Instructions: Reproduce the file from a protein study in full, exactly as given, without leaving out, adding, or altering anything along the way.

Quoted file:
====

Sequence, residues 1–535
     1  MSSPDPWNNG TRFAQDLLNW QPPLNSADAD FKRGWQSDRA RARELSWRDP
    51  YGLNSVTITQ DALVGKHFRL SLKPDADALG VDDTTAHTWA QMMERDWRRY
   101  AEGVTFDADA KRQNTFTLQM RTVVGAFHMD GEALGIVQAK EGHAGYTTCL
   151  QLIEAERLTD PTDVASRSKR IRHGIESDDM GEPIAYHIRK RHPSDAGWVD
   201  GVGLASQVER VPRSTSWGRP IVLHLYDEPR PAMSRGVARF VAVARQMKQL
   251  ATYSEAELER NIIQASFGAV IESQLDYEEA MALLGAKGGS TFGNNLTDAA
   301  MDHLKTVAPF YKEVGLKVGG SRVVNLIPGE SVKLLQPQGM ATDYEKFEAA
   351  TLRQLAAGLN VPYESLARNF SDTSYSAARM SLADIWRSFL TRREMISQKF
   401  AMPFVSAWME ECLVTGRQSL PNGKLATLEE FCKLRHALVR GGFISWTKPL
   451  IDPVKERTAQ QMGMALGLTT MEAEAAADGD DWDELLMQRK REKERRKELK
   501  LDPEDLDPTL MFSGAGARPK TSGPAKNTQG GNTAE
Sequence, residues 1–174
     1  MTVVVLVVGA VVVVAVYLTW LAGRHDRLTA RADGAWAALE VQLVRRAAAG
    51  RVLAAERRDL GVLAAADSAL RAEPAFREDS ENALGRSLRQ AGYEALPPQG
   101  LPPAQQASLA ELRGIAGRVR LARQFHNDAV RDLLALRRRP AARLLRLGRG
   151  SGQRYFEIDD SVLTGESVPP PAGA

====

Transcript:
Sequence, residues 1–535
     1  MSSPDPWNNG TRFAQDLLNW QPPLNSADAD FKRGWQSDRA RARELSWRDP
    51  YGLNSVTITQ DALVGKHFRL SLKPDADALG VDDTTAHTWA QMMERDWRRY
   101  AEGVTFDADA KRQNTFTLQM RTVVGAFHMD GEALGIVQAK EGHAGYTTCL
   151  QLIEAERLTD PTDVASRSKR IRHGIESDDM GEPIAYHIRK RHPSDAGWVD
   201  GVGLASQVER VPRSTSWGRP IVLHLYDEPR PAMSRGVARF VAVARQMKQL
   251  ATYSEAELER NIIQASFGAV IESQLDYEEA MALLGAKGGS TFGNNLTDAA
   301  MDHLKTVAPF YKEVGLKVGG SRVVNLIPGE SVKLLQPQGM ATDYEKFEAA
   351  TLRQLAAGLN VPYESLARNF SDTSYSAARM SLADIWRSFL TRREMISQKF
   401  AMPFVSAWME ECLVTGRQSL PNGKLATLEE FCKLRHALVR GGFISWTKPL
   451  IDPVKERTAQ QMGMALGLTT MEAEAAADGD DWDELLMQRK REKERRKELK
   501  LDPEDLDPTL MFSGAGARPK TSGPAKNTQG GNTAE
Sequence, residues 1–174
     1  MTVVVLVVGA VVVVAVYLTW LAGRHDRLTA RADGAWAALE VQLVRRAAAG
    51  RVLAAERRDL GVLAAADSAL RAEPAFREDS ENALGRSLRQ AGYEALPPQG
   101  LPPAQQASLA ELRGIAGRVR LARQFHNDAV RDLLALRRRP AARLLRLGRG
   151  SGQRYFEIDD SVLTGESVPP PAGA